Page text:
Everybody Lies: Big Data, New Data, and What the Internet Can Tell Us about Who We Really Are
ISBN: 0062390864
EAN13: 9780062390868
Publisher: Dey Street Books
Pages: 352
Dimensions: 1.00" H x 8.00" L x 5.00" W
Weight: 1.00 lbs.
Format: Paperback
Book Overview
Foreword by Steven Pinker Blending the informed analysis of The Signal and the Noise with the instructive iconoclasm of Think Like a Freak , a fascinating, illuminating, and witty look at what the vast amounts of information now instantly available to us reveals about ourselves and our world--provided we ask the right questions. By the end of an average day in the early twenty-first century, human beings searching the internet will amass eight trillion gigabytes of data. This staggering amount of information--unprecedented in history--can tell us a great deal about who we are--the fears, desires, and behaviors that drive us, and the conscious and unconscious decisions we make. From the profound to the mundane, we can gain astonishing knowledge about the human psyche that less than twenty years ago, seemed unfathomable. Everybody Lies offers fascinating, surprising, and sometimes laugh-out-loud insights into everything from economics to ethics to sports to race to sex, gender and more, all drawn from the world of big data. What percentage of white voters didn't vote for Barack Obama because he's black? Does where you go to school effect how successful you are in life? Do parents secretly favor boy children over girls? Do violent films affect the crime rate? Can you beat the stock market? How regularly do we lie about our sex lives and who's more self-conscious about sex, men or women? Investigating these questions and a host of others, Seth Stephens-Davidowitz offers revelations that can help us understand ourselves and our lives better. Drawing on studies and experiments on how we really live and think, he demonstrates in fascinating and often funny ways the extent to which all the world is indeed a lab. With conclusions ranging from strange-but-true to thought-provoking to disturbing, he explores the power of this digital truth serum and its deeper potential--revealing biases deeply embedded within us, information we can use to change our culture, and the questions we're afraid to ask that might be essential to our health--both emotional and physical. All of us are touched by big data everyday, and its influence is multiplying. Everybody Lies challenges us to think differently about how we see it and the world.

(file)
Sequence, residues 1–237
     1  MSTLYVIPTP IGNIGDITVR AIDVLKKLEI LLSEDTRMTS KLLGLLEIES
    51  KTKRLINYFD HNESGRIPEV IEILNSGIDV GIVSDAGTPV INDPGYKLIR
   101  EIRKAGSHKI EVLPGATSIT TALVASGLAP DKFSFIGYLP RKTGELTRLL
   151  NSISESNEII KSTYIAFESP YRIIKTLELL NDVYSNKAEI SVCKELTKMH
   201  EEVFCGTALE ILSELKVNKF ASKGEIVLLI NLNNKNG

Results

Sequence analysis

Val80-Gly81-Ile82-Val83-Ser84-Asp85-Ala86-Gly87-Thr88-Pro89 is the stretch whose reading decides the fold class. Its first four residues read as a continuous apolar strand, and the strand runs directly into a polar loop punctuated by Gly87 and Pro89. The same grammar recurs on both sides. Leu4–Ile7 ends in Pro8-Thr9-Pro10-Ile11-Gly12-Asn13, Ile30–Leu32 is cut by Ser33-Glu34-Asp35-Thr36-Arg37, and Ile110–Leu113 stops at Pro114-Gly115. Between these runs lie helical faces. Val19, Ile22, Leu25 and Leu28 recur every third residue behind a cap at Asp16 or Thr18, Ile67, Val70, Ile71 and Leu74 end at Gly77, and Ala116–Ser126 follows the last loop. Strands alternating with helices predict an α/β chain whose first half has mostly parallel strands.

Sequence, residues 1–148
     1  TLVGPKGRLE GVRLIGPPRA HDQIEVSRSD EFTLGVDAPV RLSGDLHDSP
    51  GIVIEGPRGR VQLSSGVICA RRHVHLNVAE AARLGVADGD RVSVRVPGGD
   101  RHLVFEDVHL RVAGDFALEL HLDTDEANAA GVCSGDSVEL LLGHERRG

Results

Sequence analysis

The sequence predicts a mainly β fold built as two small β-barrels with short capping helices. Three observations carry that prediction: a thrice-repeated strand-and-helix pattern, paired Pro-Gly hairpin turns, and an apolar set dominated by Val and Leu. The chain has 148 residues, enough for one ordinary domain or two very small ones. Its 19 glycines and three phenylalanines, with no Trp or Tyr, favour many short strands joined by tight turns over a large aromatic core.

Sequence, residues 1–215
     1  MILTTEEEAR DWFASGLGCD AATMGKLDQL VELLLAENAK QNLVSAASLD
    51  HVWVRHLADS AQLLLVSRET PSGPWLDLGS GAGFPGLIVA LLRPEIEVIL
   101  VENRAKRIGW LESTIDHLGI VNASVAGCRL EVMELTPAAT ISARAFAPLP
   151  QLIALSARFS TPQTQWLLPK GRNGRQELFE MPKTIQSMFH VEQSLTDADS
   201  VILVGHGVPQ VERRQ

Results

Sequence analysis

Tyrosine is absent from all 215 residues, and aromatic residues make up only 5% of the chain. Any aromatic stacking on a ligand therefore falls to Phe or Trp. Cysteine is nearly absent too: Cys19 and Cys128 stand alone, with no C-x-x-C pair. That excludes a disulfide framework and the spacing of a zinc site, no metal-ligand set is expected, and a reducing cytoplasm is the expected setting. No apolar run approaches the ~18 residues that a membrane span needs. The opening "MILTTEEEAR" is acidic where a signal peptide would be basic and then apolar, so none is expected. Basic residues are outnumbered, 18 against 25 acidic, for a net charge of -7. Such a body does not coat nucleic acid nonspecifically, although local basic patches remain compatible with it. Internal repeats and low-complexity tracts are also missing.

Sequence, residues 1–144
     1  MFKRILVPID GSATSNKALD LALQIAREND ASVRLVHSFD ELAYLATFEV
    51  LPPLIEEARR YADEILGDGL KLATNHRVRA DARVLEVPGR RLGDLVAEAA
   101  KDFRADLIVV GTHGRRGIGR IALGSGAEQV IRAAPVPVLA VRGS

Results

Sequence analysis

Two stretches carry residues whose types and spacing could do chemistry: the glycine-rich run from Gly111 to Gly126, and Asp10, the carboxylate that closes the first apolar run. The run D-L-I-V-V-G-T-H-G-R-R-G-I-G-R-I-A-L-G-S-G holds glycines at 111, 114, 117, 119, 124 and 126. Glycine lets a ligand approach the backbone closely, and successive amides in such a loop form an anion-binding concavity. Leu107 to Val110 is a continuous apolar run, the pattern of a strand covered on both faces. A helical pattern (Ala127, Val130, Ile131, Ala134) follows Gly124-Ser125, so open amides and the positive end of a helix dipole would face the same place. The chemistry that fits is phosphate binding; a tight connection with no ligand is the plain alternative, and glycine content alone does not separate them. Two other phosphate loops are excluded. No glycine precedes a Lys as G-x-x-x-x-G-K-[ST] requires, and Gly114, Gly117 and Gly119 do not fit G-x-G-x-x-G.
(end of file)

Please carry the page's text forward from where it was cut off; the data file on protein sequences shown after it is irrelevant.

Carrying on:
Editor Reviews
From the Back Cover In this groundbreaking work, Seth Stephens-Davidowitz, a Harvard-trained economist, former Google data scientist, and New York Times writer, argues that much of what we thought about people has been dead wrong. The reason? People lie, to friends, lovers, doctors, surveys--and themselves. However, we no longer need to rely on what people tell us. New data from the internet--the traces of information that billions of people leave on Google, social media, dating, and even pornography sites--finally reveals the truth. Everybody Lies combines the informed analysis of Nate Silver's The Signal and the Noise, the storytelling of Malcolm Gladwell's Outliers, and the wit and fun of Stephen Dubner and Steven Levitt's Freakonomics in a book that will change the way you view the world. There is almost no limit to what can be learned about human nature from Big Data--provided, that is, you ask the right questions.